Sunday, November 1, 2009

Telling Tales

Telling Tales: Fantasy and Fear in Contemporary Design at the V&A looks at how fairy tales have influenced designers. The exhibition is divided into three sections; The Forest Glade, The Enchanted Castle and Heaven and Hell.
In The Forest Glade are several pieces by Tord Boontje including his fabulous Fig Leaf Wardrobe. Wardrobes have been used in fairy tales as the gateway to other worlds and the camouflage that this one would in a forest adds to its sense of danger. Each enamelled leaf has been hand cast and decorated and has its own specific place on the skeletal canopy that forms the frame. Priced at £350,000 it's a real luxury piece that would have fitted equally well in The Enchanted Castle.
On the opposite side of the Forest Glade sit three of Boontje's chairs including the Princess Chair. This beautiful white chair with its flowing skirt of white tulle is not as innocent as it at first appears for on the underside of the seat swab is hidden an image of a skull embroidered in red silk. As with so much in the forests of fairy tales there is a darker side that is hidden.
Moving into the Enchanted Castle the focus becomes opulence and a sense of 'over the top' prevails. To the right the walls and floor are mirrored giving a sense of mad glitter and glamour (see above).
Heatwave radiator by Joris Laarman is based on scaled up Rococo scrolls which provide a large surface area for the convection of heat. In its setting here it is almost lost amongst the reflected madness but in a normal home would be a major statement piece.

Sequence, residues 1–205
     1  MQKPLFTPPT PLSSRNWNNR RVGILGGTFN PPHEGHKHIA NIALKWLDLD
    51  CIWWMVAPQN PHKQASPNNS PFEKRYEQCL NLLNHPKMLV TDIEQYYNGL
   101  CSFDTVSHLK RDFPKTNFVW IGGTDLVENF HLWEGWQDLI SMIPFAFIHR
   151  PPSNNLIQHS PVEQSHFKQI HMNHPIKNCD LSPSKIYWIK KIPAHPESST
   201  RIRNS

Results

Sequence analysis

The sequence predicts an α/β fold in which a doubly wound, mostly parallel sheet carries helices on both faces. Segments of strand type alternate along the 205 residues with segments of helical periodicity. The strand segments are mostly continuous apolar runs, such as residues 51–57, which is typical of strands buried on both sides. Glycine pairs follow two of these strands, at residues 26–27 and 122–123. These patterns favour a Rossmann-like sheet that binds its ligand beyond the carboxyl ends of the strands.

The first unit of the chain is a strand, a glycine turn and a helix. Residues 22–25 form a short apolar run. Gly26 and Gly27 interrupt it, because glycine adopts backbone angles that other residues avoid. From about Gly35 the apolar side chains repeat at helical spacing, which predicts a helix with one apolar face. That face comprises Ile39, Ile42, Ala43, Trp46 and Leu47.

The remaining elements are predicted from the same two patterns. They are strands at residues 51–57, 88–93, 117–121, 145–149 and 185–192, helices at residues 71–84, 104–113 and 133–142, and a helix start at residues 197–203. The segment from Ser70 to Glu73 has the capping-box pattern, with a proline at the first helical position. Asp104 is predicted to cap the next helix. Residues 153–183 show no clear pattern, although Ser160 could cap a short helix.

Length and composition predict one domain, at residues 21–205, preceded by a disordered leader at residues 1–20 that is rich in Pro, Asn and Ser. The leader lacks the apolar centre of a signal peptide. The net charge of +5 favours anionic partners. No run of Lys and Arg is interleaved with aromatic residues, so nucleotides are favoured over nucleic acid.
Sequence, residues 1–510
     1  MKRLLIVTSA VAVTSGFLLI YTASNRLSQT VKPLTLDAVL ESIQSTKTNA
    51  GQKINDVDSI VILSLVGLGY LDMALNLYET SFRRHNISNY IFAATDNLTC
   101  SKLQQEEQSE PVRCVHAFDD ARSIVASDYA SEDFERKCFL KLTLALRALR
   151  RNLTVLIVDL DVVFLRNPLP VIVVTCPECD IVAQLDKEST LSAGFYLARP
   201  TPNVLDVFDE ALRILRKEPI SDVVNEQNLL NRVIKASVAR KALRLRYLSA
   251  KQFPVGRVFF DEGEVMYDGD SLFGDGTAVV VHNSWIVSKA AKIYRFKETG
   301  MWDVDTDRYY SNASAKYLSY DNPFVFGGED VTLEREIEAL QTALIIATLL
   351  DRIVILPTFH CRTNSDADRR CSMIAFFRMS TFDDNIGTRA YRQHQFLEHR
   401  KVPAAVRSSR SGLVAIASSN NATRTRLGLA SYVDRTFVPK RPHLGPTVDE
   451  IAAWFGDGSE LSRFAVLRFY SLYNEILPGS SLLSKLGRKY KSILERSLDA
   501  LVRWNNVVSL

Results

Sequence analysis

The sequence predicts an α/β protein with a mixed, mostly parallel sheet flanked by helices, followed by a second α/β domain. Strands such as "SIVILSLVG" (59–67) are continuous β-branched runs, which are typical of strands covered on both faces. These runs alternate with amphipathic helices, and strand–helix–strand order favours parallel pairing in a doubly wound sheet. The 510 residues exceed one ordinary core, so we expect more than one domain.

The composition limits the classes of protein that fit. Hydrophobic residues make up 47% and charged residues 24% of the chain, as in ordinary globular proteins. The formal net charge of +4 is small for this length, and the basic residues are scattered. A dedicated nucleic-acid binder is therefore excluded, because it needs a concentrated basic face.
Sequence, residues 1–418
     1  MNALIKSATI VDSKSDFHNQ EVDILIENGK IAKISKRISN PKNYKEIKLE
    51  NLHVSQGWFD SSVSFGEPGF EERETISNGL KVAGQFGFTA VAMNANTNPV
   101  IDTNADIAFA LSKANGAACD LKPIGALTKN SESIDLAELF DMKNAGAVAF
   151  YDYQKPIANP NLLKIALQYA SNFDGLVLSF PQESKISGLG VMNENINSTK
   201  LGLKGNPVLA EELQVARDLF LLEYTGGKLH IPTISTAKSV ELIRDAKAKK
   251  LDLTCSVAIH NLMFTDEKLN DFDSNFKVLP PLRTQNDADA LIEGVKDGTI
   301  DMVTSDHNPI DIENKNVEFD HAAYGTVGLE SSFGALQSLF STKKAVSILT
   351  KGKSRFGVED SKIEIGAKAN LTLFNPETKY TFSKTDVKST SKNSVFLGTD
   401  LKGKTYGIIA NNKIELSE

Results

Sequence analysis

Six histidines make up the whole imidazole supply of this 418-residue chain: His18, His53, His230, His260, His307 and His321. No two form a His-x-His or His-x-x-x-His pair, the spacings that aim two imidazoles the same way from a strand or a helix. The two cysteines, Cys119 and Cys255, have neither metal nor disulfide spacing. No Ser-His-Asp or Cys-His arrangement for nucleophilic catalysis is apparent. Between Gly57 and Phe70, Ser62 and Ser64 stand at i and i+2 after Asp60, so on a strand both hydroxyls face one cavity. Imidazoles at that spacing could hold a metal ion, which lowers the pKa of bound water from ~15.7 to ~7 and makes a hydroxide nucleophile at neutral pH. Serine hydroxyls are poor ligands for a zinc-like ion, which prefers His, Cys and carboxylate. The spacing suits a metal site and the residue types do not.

Also in this setting are a series of furniture pieces in black and gold by Studio Job. Designed for the Robber Barons; based on ruthless 19th century American industrialists who amassed vast fortunes these pieces are designed to appeal to today's power-hungry leaders. The use of cast bronze in these pieces references not only the heavy industry in which so many made their money but also the great tradition of patronage of the arts, especially European sculpture. Robber Baron Table is a particular favourite of mine.
Moving into Heaven and Hell the story turns to the awareness of, and anxiety about, death. Works look at life and death, heaven and hell judgement and salvation, some are beautiful others designed to invoke fear or loathing. Damned .MGX by Luc Merx is a modern chandelier that takes its inspiration from Peter Paul Rubens's the Fall of the Damned at the moment of the Last Judgement.
Storm Chair by Stephen Richards looks as if it is an explosion that has been frozen in time and motion. Formed from a variety of different timbers it references the violence that so often accompanies death and the splintering and fragmenting of families and communities that accompanies natural disasters in which so many lives are lost.

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